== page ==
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Sweet potato harvest not so good. small tubers (pics)

Posted by Potatoboy none (My Page) on
Mon, Oct 1, 12 at 0:36

Hello, guys.

This year was my first time growing sweet potatoes and I was really excited for when harvest day would come. All my hard work would finally pay off. Especially when my parents told me you won't have any potatoes..

I planted the slips in May and harvested them today. So it's been close to 140 days.

I had 3-4 Japanese Sweet Potato plants and 3 regular orange sweet potato.
The vines and bushes were very healthy and growing like wildfire but the tubers were so small. Even at 140 days of maturity.

What did I do wrong? too much nitrogen? The only plant that had A big potato was flowering.

I had a 4' by 3' plot and the growth was more wilder than most videos I saw online but I had 10x less potatos vs plants.

It was so BAD I drove to the supermarket to throw some in :D but will remove them when I cure my newly harvested ones

Follow-Up Postings:

RE: Sweet potato harvest not so good. small tubers (pics)

Oh yeah. My beauregard sweet potato had only 2 little fingerlings!! I planted 3+ slips into the ground..

The soil used to be lawn soil SO either it the soil was high in nitrogen or it was too compact.

I also did not hill or mound the potato plants

RE: Sweet potato harvest not so good. small tubers (pics)

You need a soil test to be certain what's going on with the ground itself. No amount of guessing will help. Tell them what you're trying to grow and they can offer corrections tailor made for specific crops, usually.

Generally, you need softer soil so the tubers will be able to expand. Incorporate all the organic matter you can find. Compost is supreme, but chipped leaves are great, manures are good, and if you absolutely have to, try peat moss. Someone suggested sand to me, but I believe that red clay plus sand = concrete and I don't want it to be worse than it is already.

I plant about 300 slips per year. I do the same thing every year. I get varying results and still don't know why. Last year, I had a decent crop, but not any huge tubers like in the past. So this March, I hauled in fresh horse manure and dumped it and tilled it in. When I was ready to plant in May when the slips arrived, that had mostly rotted. I use a turn plow to make hilled rows. It digs deep. I go both ways to make one row so it's uniform on both sides. Works for me. Then I'll go back and hand plant 18 to 24 inches apart and firm the soil around them on top of the ridge. I make a depression around them to help catch water. Otherwise, it runs off, not in. Red clay forms a crust in a heart beat. I'll water a few times as is, then I'll go back and poke holes in the hill 6 or 8 inches deep and water again into the holes so water gets into the hill. Usually I have to water 4 to 6 times, once every other day, before it rains enough and the plants look like they will survive on their own. I may go 3 days between if it's overcast and not so hot.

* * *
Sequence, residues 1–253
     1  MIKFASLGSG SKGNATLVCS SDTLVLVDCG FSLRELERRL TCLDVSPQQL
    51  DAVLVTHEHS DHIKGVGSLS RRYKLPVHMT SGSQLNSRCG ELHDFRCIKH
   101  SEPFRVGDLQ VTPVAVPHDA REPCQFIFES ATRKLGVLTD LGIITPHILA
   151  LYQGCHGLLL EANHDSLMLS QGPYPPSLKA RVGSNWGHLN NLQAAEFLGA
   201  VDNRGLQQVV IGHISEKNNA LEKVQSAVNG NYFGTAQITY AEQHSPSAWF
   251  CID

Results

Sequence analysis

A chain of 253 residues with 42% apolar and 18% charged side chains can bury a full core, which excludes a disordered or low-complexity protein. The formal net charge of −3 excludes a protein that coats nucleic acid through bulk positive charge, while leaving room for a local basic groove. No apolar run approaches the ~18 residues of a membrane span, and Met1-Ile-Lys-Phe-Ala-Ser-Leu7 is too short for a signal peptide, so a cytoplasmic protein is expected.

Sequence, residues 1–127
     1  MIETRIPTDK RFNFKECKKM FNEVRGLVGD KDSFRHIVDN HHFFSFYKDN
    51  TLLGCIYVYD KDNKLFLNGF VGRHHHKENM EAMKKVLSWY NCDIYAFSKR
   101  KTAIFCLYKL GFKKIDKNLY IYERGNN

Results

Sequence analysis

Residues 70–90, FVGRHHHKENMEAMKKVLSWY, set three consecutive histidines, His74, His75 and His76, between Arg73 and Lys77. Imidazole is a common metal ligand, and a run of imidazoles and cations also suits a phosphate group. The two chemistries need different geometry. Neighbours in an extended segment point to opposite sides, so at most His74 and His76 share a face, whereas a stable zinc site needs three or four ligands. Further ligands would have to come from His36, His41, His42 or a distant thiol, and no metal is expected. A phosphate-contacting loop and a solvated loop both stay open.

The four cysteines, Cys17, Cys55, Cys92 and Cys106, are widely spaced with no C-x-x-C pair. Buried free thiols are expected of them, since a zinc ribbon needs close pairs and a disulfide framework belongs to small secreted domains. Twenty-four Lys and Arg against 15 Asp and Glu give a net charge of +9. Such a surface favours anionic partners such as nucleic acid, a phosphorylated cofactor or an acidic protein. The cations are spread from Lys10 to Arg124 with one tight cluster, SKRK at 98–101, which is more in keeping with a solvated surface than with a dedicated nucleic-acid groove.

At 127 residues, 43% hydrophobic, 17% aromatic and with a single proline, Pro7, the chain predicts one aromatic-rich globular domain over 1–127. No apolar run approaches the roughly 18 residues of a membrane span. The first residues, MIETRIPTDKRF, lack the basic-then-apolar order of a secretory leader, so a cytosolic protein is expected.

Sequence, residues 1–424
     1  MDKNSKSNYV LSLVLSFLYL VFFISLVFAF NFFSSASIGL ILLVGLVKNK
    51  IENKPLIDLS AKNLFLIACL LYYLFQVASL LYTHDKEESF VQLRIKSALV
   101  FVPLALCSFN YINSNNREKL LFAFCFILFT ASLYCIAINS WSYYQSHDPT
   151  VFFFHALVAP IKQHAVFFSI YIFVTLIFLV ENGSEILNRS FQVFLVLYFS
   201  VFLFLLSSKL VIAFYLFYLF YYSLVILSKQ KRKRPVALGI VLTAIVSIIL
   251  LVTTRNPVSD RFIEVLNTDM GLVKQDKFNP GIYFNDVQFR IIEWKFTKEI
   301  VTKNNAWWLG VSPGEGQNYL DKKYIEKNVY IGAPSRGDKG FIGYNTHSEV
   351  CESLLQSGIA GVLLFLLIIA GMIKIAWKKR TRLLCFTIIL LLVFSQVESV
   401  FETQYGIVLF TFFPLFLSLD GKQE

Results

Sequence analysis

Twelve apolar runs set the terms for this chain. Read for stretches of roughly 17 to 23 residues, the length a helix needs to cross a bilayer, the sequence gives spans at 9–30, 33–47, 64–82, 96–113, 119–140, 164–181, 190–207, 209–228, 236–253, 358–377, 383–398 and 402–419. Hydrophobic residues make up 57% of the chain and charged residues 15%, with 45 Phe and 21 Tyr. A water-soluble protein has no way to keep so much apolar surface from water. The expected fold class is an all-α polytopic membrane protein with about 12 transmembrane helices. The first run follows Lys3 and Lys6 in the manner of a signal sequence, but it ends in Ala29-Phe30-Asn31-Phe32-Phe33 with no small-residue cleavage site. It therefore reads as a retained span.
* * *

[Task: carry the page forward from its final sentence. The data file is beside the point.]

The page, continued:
Watering is done by hand. I'm not near a spigot. Used to be 2 gallon cans filled from a rubbermaid container and spritz each plant. Now I have a 300 gallon tank on a trailer and a hose. I still walk the rows, but I can give each plant more water at a time without fear of running out so soon. 300 plants means about 500 row feet. last year, I dumped a quart of fish emulsion, a bottle of NOG, and a small bottle of chelated iron (needed magnesium or manganese, I forget) and just for good measure, a handful of 20 mule team borax for boron. They need boron. I added 200 gallons of water. Nice fragrant cocktail. I watered both the sweets and the tomatoes and pepper transplants with it. I had the best pepper production I've ever had. Sweets, not so much.

This year, I added fresh manure in March and watered again with the cocktail. I dug sample sweets early last week that were the size of gallon milk jugs. Literally. I'm waiting to dig the rest another week or two. I usually dig them right at the September/October change. I've had rabbit issues this year from what I can tell looking at the patch. But the vines are thick and heavy, the leaves are huge. I'm looking forward to the big dig in another week or two.

Next year, I should be using rain water. That's the plan anyway.

See if this works. If not, click the link below. This is from two random plants near the end of the rows. Smaller regular size tubers are in the bucket...
Sweetpotato sampler 2012

Here is a link that might be useful: Sweetpotato sample, fall 2012

RE: Sweet potato harvest not so good. small tubers (pics)

Potatoboy, I've been growing sweet potatoes here in zone 5 for a decade or so. Some years they are great, some years not so much and I can't think of anything I do differently from year to year. Sweets seem to be inconsistent for me.

Last year I had "fingerlings" from Georgia Jet and nothing big enough to eat from Nancy Hall. The year before that I had huge Georgia Jets but the Beauregards did awfully. This year I got a few white Nancy Hall type and a few Georgia Jets, but maybe 5 pounds of potatoes from 24 plants. Definitely not cost effective, but we were in the middle of a drought, it was hot and dry most of the summer and although we sprinkled the garden, it evaporated in the heat nearly as fast as we could pump it.

I don't know if I'm going to plant sweet potatoes any more, it's cheaper to buy them!


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